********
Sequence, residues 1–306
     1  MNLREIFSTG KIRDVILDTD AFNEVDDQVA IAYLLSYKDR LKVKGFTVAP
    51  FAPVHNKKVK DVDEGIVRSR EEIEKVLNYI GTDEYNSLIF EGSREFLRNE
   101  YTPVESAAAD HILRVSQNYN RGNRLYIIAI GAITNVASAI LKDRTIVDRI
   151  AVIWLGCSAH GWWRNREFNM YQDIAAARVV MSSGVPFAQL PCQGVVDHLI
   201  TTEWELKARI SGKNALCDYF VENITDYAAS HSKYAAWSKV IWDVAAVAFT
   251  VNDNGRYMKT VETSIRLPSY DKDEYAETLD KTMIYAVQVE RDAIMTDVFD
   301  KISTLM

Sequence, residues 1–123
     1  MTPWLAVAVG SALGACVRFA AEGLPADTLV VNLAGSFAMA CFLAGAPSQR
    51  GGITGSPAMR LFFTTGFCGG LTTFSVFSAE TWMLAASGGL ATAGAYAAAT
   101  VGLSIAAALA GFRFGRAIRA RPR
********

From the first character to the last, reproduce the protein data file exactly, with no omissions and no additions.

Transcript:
Sequence, residues 1–306
     1  MNLREIFSTG KIRDVILDTD AFNEVDDQVA IAYLLSYKDR LKVKGFTVAP
    51  FAPVHNKKVK DVDEGIVRSR EEIEKVLNYI GTDEYNSLIF EGSREFLRNE
   101  YTPVESAAAD HILRVSQNYN RGNRLYIIAI GAITNVASAI LKDRTIVDRI
   151  AVIWLGCSAH GWWRNREFNM YQDIAAARVV MSSGVPFAQL PCQGVVDHLI
   201  TTEWELKARI SGKNALCDYF VENITDYAAS HSKYAAWSKV IWDVAAVAFT
   251  VNDNGRYMKT VETSIRLPSY DKDEYAETLD KTMIYAVQVE RDAIMTDVFD
   301  KISTLM

Sequence, residues 1–123
     1  MTPWLAVAVG SALGACVRFA AEGLPADTLV VNLAGSFAMA CFLAGAPSQR
    51  GGITGSPAMR LFFTTGFCGG LTTFSVFSAE TWMLAASGGL ATAGAYAAAT
   101  VGLSIAAALA GFRFGRAIRA RPR